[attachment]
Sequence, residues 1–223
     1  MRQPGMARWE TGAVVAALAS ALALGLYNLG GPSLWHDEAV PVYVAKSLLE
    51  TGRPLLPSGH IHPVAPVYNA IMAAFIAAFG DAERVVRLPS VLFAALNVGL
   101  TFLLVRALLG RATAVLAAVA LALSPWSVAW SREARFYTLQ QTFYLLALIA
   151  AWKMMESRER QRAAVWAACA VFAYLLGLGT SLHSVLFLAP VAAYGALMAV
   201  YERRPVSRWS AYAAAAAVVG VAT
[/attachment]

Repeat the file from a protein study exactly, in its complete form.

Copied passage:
Sequence, residues 1–223
     1  MRQPGMARWE TGAVVAALAS ALALGLYNLG GPSLWHDEAV PVYVAKSLLE
    51  TGRPLLPSGH IHPVAPVYNA IMAAFIAAFG DAERVVRLPS VLFAALNVGL
   101  TFLLVRALLG RATAVLAAVA LALSPWSVAW SREARFYTLQ QTFYLLALIA
   151  AWKMMESRER QRAAVWAACA VFAYLLGLGT SLHSVLFLAP VAAYGALMAV
   201  YERRPVSRWS AYAAAAAVVG VAT